Wednesday, August 28, 2013

A Note To Publishers -- Phase out the Paperback, Embrace the E-book

My coffee is pleasantly warm in my hand as I run my finger down the bindings of hardbound books in the Science and Nature section. I sigh contently as coffee aroma and wood pulp intertwine. I pull out a book by Carl Sagan and his tinny voice grates as he whines about the uneducated youth of today and I re-shelve his book muffling his voice. I finger a Richard Dawkins book, curious about his genius, but put off by his everybody-but-me-is-stupid tone, and I re-shelve him too. Richard Feynman, the physics genius slash ladies man, yep, you’re coming home with me. I briefly browse the sale books and head to the front to pay for my date—I mean book. The cashier rings me up then asks if I would like a free e-book version with this purchase. Why yes, I would thanks. I present my email address and it is automatically added to my account library.

When will the above fantasy become reality? Whenever a new medium arrives it is greeted with enthusiasm by consumers and fear by publishing houses. Why not embrace it and leverage the opportunity to adapt a tired system? For years, downloading music was something a person did in fear of having their kneecaps crushed by RIAA thugs. It took Apple to make it mainstream, and it is currently the way music is distributed. When was the last time you bought a CD?

Likewise, it is time to phase out the paperback, bequeathing the e-book its affordable price. Paperbacks are a disposable medium, whose binding is good for one or two readings before pages start falling out and it loses it’s shape. They are an environmental disaster: the wood pulp needed, chemicals used during production, trucks blowing smoke to deliver them to the stores and warehouses, all so they can be read a few times and tossed. The e-reader is a much better solution. (Or would be if their production was greener and they lasted longer than a couple years. Perhaps I should say they will be a better solution, someday...) For now tiny e-ink Kobo & Nook readers are available for about $80 with their prices falling. If you are thrift minded, use the Library2Go system until the cost is recouped.  Also there are many 99¢ classics to be read.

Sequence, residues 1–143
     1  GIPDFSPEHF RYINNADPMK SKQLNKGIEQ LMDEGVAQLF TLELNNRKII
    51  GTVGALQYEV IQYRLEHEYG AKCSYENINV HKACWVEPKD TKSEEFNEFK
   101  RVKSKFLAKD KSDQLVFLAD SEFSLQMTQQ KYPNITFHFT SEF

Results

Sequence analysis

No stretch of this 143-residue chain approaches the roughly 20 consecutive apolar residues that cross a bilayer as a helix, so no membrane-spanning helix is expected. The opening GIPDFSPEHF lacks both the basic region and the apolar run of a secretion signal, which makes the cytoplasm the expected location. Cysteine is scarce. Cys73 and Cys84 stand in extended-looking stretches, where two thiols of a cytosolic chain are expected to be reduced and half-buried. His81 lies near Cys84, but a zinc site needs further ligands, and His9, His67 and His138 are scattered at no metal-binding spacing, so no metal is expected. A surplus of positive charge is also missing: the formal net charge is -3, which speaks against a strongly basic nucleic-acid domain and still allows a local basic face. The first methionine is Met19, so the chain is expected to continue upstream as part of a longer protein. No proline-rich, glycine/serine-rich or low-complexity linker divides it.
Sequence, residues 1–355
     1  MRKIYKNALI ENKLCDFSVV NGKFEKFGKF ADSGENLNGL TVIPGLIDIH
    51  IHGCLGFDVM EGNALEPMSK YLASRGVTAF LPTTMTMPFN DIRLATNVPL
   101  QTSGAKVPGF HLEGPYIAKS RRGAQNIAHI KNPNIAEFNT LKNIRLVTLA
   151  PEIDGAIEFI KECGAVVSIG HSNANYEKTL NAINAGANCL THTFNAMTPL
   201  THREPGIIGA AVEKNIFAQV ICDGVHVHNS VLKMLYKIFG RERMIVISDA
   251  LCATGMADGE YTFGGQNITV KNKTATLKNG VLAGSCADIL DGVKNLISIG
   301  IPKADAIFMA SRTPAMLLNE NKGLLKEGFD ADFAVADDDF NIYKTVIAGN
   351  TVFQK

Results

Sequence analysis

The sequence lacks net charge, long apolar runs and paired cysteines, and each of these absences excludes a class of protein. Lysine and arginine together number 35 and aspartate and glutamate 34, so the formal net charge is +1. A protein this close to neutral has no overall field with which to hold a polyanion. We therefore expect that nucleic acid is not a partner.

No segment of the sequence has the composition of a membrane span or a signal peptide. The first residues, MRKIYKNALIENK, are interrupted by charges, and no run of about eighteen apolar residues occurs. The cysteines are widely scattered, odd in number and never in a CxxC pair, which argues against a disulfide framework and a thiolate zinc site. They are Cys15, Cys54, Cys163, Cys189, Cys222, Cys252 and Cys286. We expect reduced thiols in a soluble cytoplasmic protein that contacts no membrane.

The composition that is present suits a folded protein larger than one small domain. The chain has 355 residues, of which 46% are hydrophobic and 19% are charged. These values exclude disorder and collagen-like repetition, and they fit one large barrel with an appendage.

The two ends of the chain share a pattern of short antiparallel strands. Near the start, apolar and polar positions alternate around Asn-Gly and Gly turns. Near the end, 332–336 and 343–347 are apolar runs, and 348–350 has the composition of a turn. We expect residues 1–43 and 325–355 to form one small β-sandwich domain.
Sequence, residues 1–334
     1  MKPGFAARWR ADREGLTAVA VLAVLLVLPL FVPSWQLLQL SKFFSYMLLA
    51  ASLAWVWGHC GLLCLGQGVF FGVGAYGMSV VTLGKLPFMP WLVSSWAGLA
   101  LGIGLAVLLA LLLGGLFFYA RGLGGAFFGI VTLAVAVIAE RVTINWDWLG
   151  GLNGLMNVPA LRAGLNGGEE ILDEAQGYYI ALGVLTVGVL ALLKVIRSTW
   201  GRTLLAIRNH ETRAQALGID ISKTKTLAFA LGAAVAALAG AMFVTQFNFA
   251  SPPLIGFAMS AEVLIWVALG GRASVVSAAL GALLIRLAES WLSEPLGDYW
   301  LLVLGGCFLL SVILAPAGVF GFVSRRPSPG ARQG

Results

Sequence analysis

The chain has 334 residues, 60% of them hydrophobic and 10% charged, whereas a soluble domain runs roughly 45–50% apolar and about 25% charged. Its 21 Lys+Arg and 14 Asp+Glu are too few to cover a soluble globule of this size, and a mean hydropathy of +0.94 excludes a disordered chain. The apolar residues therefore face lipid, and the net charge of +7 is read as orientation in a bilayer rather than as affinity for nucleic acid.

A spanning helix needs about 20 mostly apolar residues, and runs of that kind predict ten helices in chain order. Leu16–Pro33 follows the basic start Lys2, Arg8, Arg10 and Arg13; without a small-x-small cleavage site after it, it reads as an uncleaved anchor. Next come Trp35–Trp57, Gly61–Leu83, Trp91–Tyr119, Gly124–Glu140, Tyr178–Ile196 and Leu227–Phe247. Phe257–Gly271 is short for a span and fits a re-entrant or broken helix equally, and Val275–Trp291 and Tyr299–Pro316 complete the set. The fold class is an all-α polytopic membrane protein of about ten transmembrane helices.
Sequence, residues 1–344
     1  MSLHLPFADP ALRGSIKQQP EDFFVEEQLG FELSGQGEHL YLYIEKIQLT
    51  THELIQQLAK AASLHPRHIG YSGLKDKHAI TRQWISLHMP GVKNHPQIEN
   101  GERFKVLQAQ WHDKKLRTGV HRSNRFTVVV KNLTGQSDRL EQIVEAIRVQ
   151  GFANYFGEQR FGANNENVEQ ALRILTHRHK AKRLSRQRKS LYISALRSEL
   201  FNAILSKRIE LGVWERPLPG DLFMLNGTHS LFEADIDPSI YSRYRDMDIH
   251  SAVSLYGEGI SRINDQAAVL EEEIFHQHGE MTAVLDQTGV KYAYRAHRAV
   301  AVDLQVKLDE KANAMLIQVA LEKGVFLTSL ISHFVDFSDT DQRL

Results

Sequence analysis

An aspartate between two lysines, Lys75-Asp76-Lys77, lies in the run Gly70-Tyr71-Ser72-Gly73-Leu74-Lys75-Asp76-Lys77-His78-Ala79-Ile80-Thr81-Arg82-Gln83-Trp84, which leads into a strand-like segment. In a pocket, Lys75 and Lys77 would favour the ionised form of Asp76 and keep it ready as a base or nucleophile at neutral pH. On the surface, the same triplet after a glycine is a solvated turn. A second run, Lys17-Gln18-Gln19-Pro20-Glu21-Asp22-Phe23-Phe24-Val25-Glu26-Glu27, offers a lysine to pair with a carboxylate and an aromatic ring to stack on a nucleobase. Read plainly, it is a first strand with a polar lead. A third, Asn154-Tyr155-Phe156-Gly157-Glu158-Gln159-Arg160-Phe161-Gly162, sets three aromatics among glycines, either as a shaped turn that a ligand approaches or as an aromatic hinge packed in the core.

However, hardbound books still have a place in today’s world. When I really like a book, I want something more than just 1s and 0s. I want a backup—something I can read without charging it first. I want it in the library of my life’s composition. However, I’m not willing to buy a hardbound and pay another $10 for an e-book. When novels are new, like Ken Follett's Fall of Giants, the e-books run $20 or more; if you want to see what people think of that pricing strategy read the customer reviews.  Publishers are never going to undercut the hardbound book prices and lose out on those rabid new-release sales. However, if the e-book were free with the purchase of a hardbound, the perceived value to the consumer would be restored and perhaps enhanced. Easy. Then after the initial sales die down, then offer a stand alone e-book for the paperback price. (Although, it would be nice if they passed some of the cost savings on us.)

Even independent booksellers are on their way to figuring out how to work with the e-book revolution. Used books stores also prefer hardbound books; bring a pile of genre based paperbacks to Powell's book buyer and watch his face.


When my mother-in-law was gifted her Kindle, my curiosity ignited. Like a monkey investigating a plastic banana, I took it warily, turned it, gave it a sniff, then set it aside, certain I would always prefer real bananas and their familiar textures and smell. A year or two later the Nook Color launched. From this nifty little banana, I could read in a dark room, check my email, sling cartoon birds, as well as tuck a thousand page GRRM tome in my purse. Now, I have my own plastic banana. I still love books—real ones, and believe they have a place in the world, but paperbacks have overstayed their welcome. Publishers need to accept that people, (I loathe the word consumer) attach value to something physical, and since they can’t touch and feel intellectual property delivered in 1s and 0s they’re not going to pay a bloated price for it.

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